South Africa is a country with great potential for impact sourcing, a business model that creates jobs and provides training to marginalised communities. In recent years, impact sourcing has gained traction as a powerful tool for social and economic development. By outsourcing business processes to companies that intentionally employ and train individuals from underrepresented communities, impact sourcing not only generates income but also creates a positive social impact.
Impacting the individual
When we look at the communities around Ignition, for example, there are large pools of people who have been unable to enter the job market due to a number of reasons. There are people who haven’t been able to complete their formal education.
There are also people who have managed to complete their education, even tertiary education, but still haven’t been able to get a job – remember, South Africa has an official unemployment rate of around 33%! There’s also the experience paradox – companies want employees with experience, but how do those employees get experience in the first place?
In South Africa, impact sourcing has the potential to address some of the most pressing social issues, including unemployment, poverty and inequality.
Benefitting/Impacting the community
In many South African communities, it is estimated that a single employed person supports 5-6 family members, multiplying the benefits of employment by a significant factor.
Many South African communities are largely isolated from the formal economy – the high unemployment rates are coupled with low earning power to create high levels of entrenched poverty. Impact sourcing directly benefits these communities by both employing more people and giving them higher earning power as well as future prospects. Money is brought back to and spent in the communities, creating a stronger trickle-down economy.
Then there are other direct benefits: members of the community are better fed and healthier, parents are able to educate their children better, members of the community are given hope for their own future.
These factors result in reducing crime rates and other social ills, and the benefits start to snowball.
Benefitting/Impacting the business
One of the main benefits of impact sourcing is that it enables businesses to tap into a vast pool of talent in regions where traditional employment opportunities are limited. This not only benefits the workers but also the companies themselves – research has indicated that there are a number of ways in which impact employees actually outperform other employees, making them highly desirable.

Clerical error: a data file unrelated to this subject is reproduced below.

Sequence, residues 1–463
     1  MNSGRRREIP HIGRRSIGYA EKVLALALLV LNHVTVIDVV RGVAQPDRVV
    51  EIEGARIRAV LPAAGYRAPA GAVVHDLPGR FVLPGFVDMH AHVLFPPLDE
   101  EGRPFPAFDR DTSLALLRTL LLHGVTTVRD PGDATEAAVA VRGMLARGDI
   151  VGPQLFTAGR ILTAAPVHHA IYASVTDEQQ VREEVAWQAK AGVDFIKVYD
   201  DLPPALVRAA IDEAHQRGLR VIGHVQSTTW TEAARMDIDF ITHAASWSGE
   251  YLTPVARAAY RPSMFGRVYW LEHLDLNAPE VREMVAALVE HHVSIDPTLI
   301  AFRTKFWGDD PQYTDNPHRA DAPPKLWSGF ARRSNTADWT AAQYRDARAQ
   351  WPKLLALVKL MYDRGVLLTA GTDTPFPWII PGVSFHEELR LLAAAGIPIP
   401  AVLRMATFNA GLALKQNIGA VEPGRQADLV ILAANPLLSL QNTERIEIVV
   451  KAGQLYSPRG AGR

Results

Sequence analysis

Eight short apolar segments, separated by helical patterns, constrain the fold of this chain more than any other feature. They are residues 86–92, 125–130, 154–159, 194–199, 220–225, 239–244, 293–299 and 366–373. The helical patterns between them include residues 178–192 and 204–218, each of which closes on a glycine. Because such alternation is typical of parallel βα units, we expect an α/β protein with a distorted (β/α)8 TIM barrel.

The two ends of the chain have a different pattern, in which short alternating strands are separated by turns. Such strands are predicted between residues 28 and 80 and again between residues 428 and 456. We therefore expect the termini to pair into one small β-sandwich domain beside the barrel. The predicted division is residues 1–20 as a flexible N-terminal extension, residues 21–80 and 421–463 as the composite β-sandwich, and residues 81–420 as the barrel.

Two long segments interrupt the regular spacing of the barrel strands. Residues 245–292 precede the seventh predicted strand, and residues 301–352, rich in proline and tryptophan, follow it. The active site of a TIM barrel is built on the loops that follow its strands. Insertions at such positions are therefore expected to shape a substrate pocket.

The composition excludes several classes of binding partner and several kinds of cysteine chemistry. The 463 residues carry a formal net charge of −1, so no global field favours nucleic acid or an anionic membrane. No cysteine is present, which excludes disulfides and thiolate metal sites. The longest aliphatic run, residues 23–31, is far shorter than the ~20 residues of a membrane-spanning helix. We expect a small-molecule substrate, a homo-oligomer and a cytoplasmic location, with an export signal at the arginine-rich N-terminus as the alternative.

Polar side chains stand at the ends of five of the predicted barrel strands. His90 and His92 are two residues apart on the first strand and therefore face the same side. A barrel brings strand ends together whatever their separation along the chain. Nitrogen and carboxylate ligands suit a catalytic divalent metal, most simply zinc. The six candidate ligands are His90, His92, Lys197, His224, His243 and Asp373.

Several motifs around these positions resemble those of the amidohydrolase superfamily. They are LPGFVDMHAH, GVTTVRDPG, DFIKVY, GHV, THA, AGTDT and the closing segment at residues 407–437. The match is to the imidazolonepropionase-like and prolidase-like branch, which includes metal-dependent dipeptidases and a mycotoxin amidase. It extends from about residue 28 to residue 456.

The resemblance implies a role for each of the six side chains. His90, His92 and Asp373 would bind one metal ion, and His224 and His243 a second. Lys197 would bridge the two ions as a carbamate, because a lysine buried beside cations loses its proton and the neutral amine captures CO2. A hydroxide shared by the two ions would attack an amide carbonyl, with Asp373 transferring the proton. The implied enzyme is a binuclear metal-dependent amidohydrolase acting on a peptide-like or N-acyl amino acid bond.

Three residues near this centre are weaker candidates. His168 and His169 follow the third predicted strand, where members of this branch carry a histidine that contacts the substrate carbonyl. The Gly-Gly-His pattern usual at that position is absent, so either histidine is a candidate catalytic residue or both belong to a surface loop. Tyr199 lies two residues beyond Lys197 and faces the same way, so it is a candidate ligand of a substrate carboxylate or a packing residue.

It’s easy to understand – if you’ve been part of the unemployed 33% for a while, you will be excited and motivated when given an opportunity to get not only a job, but a long-term career with growth prospects. Individuals belonging to marginalised communities tend to seize opportunities and commit to developing long-term careers, often performing in the upper percentiles of the workforce.
Studies by The Rockefeller Foundation show that “impact workers have 15-40% lower attrition than traditional BPO workers and exhibit high motivation levels that leads to improved performance over a period of time and lower hiring and training costs.” This sort of stability in a workforce is desirable from both a supplier and client point of view, and the long-term costs involved in training and recruiting are also substantially lowered.
Ignition’s approach to Impact Sourcing
Ignition believes that impact sourcing is about realising potential.
It is about identifying communities where a difference can be made, recruiting employees with potential, training those employees and giving them growth prospects and assistance in career progression.
Ignition established the Ignite Training Academy with this particular goal in mind. It is actually a fully accredited institute of learning with the Department of Education and can issue national certificates in industry-specific fields. It also runs in-house programmes such as the Activate Programme, which has been developed to upskill new hires with no industry-specific experience so that they can get employed and then gain that experience.
From that broad skills base, graduates of the Activate Programme are moved onto training for specific roles within the company. It doesn’t end there, though – the Learning and Development Department have an established career development pathway for employees to be guided along. This includes leadership development programmes, subject matter expert programmes and more.
This pipeline is largely focused on linear career development, obviously, but at Ignition it is definitely not limited to that. If an Ignition employee identifies an area in the business that they would enjoy working in, we try to make that happen through study assistance and internal placement.
For example, one of our sales experts realised he had a passion for It, so we enabled his IT training and he recently moved into the IT department.
The L&D Department also identifies high potential employees within Ignition ad facilitates continuous professional development in their field, through further studies, conferences and peer-to-peer training.
Impact Sourcing is a major buzzword in business today, but at Ignition it is much more than that – it is the way we have been building communities as Ignition itself has grown for over 20 years.
We have recognised that it is a valuable tool for creating positive social impact and empowering South Africa’s workforce. By providing employment opportunities in regions where traditional jobs are scarce, it has the potential to make a real difference in the lives of workers and their families.
With the right support and investment, impact sourcing has the potential to be a key driver of economic growth and development in South Africa.
Sashnee Pitt is Head of Learning and Development for Ignition Group.